oxford and boat wakes

I've never rowed outside of a gym, but I was thinking of purchasing a oxford kit or a chester yawl kit with a rowing seat.  I live on a saltwater river and I'm sure I will have to endure boat wakes from time to time.  Is this a problem with the oxford?  Is it virtually impossible to stay on the craft when rowing around motored boats?

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RE: oxford and boat wakes

I can't speak directly to whether the oxford would be ok with boat wakes, but I have a lot of experience with boat wakes in sailboats of various lengths. 

For every boat, there is a wake that will be a deck washer, if not worse.  I had a 26 ft MORC sailboat that took water in the hatches when a tug went by on the intracoastal waterway at hull speed...

 My opinion: build the boat you want. You can handle the wakes and occasionally get wet anyway. :-)

RE: oxford and boat wakes

JayC is right; for every boat .... 

And he's right about building the boat you want -- otherwise, what's the purpose?

That said, part of the answer is basic seamanship.  Generally speaking, you'll want to take those wakes on a quarter; most boats will do much better that way than taking them square on the bow or stern, or on the beam.  You'll also want to keep a weather eye out for boats throwing wakes, and learn how to read those wakes before they get to you.

And part of the answer is boat design. The more flare to the bow, the better the boat will rise to a sea, all other things considered.  Put another way, the less volume to the bow, the more it will tend to bury itself in chop.  And the wider the hull, the better it can take a sea on your beam, all things considered.  And the more freeboard, the better, again with the same caveat.  The Oxford has little flare, it's pretty narrow, and it's low in the water. The Chester yawl is better on all of these criteria.  Of course, the Oxford will surely be a lot faster, being longer and narrower.  On the other hand, the Chester can be used for more purposes, and its close cousin, the Whitehall, was famous for its seakeeping.

A reaonsable compromise for you might be the Annapolis wherry?  It should be more or less in the middle between the Oxford and the Chester in terms of seakeeping and performance.

RE: oxford and boat wakes

Like any rowing shell the Oxford is stabilized by the oars acting, in part, as outriggers. As long as you see the wake coming you should be fine. SEEYA Jack

RE: oxford and boat wakes

I have never rowed an Oxford Shell. I have rowed a Maas Aero and a Maas 24. These are both designed for open water rowing so I am thinking they may be a tad bit more stable than the Oxford. Both of these boats become increasingly more difficult to keep upright as the conditions get rough. By rough I mean 6"chop. Anything more and they are a real challenge to keep upright and make any headway. I flipped a 24 on water with wind texture by catching a crab with one oar. Instant swim. This is why I chose to build the Annapolis Wherry. I wanted a boat that was more forgiving than a full on shell. I have been very happy with my decision. I would suggest rowing a shell before building one to see if this is the type of rowing you want to do. Most shell rowers that I know go out early in the morning to get suitable conditions. Shells are fun and fast but there will be lots of times when you will not want to be out there in one. If you are only worried about boat wakes you can certainly get through them with a little practice.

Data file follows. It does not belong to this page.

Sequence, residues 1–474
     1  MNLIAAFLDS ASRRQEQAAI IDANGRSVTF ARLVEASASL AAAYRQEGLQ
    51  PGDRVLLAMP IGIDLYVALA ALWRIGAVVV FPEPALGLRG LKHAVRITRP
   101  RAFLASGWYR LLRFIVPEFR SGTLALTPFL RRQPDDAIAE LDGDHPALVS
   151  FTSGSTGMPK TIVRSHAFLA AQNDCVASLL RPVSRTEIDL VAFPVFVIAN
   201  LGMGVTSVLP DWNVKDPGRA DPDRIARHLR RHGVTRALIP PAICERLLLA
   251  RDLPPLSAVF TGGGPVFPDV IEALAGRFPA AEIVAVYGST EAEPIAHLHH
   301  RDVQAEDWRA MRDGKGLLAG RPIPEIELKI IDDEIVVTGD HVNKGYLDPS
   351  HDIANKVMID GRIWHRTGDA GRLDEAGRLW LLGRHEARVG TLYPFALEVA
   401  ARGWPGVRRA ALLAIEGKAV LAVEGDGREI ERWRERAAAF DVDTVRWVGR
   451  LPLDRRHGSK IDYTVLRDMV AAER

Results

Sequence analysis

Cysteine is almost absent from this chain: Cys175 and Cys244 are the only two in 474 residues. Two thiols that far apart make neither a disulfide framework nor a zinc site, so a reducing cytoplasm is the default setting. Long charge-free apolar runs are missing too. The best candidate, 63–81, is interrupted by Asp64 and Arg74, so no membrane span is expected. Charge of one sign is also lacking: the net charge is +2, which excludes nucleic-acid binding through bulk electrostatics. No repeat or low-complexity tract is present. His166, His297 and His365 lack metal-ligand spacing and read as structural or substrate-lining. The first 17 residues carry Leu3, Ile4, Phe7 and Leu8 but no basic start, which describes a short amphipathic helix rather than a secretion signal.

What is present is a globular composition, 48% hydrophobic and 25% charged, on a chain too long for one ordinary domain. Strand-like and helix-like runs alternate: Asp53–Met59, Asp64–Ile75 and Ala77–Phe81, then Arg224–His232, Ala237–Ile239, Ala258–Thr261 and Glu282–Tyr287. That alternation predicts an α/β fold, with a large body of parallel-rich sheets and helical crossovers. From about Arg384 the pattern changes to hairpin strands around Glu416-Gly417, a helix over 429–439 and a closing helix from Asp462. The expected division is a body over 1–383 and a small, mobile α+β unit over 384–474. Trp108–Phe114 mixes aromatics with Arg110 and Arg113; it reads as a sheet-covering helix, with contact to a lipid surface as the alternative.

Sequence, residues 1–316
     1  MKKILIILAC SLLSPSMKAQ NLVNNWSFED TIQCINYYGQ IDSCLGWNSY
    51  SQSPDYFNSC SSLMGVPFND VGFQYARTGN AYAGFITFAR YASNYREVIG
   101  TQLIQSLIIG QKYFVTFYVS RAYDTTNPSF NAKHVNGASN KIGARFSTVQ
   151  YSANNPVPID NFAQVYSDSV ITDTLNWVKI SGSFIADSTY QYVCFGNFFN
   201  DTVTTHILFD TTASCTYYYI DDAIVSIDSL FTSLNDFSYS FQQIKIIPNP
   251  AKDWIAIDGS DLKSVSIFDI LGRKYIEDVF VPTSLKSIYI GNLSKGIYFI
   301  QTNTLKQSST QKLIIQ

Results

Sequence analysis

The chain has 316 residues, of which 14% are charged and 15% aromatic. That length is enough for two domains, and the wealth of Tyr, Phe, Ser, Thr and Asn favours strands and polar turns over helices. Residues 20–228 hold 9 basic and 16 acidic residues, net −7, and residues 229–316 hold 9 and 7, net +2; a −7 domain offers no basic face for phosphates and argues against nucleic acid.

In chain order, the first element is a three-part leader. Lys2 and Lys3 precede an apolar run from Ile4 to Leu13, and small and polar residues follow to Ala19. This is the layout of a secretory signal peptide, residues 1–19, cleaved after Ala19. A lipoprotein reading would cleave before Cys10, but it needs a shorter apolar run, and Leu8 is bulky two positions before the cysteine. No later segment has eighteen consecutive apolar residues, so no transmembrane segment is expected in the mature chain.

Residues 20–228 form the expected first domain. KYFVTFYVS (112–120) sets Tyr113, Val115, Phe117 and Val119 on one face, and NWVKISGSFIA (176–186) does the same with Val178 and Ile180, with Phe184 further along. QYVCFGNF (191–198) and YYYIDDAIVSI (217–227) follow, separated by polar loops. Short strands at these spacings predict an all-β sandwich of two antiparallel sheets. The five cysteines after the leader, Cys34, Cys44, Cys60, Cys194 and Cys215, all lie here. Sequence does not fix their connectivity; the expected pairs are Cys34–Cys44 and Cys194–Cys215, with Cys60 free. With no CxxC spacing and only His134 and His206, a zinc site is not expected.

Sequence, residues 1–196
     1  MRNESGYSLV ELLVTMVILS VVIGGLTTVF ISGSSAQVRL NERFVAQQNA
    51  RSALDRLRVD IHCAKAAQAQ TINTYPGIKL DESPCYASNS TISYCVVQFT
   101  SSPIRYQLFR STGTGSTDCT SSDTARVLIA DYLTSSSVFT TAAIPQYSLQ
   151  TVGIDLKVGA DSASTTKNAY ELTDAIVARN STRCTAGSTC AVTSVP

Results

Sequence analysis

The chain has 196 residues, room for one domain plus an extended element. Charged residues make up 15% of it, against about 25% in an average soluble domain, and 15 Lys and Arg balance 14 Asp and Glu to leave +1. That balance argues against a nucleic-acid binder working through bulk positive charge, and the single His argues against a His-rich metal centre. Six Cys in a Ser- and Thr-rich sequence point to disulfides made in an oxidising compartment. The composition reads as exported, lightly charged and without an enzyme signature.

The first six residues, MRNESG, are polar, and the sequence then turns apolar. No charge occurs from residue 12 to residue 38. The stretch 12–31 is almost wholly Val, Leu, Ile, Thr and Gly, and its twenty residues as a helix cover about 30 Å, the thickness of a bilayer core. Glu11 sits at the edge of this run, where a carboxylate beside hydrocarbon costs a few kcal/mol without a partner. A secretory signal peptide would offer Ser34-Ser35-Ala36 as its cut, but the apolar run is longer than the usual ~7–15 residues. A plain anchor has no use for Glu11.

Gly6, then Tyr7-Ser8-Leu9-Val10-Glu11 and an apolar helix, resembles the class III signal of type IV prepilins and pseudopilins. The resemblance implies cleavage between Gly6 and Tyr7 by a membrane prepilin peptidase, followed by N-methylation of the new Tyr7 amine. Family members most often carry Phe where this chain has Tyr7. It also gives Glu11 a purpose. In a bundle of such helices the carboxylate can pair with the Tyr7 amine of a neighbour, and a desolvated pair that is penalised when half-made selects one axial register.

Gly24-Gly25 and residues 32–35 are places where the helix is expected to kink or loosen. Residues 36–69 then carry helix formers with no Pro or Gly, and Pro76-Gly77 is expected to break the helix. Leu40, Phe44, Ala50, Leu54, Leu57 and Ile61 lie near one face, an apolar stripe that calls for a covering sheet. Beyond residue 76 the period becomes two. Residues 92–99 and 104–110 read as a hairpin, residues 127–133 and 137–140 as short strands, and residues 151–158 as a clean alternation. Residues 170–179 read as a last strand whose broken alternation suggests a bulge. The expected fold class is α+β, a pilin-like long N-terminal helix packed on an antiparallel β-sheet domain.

RE: oxford and boat wakes

Thanks for your replies.  I wish it were possible to row them all before deciding.  I think the Annapolis Wherry is the right choice, since I have no experience.  It's still fast and light, and the river I'll row often has stretches with a 6" chop. (segments where the wind and river run the opposite or same direction).  Falling in the cold winter water is probably inevitable on the oxford shell.

Plus, when I stop at a sandbar or beach excursions, the Annapolis Wherry has room for rubber boots (winter beaching), picnic basket, binoculars, fishing poles, metal detector, etc...  Okay, I've decided based on your feedback.


The oxford shell is more of a summer ride where I live.



RE: oxford and boat wakes

I recently completed an oxford shell and started learning how to scull. I too had only used an indoor rower, Concept 3, prior to this. These sculls are very "tippy". As jackln mentioned you use the oars as outriggers. You will be approaching some wakes and have to view them over your shoulder while trying to maintain your rowing rythym. The Chester Yawl or Annapolis Wherry would be more stable. However when you master the art of sculling you really move almost effortlessly in the shell. I also bought the adapter kit to put the row wing in a canoe and practiced the sculling oar handling in the more stable canoe. You need to read about the art of sculling before you get in the shell.

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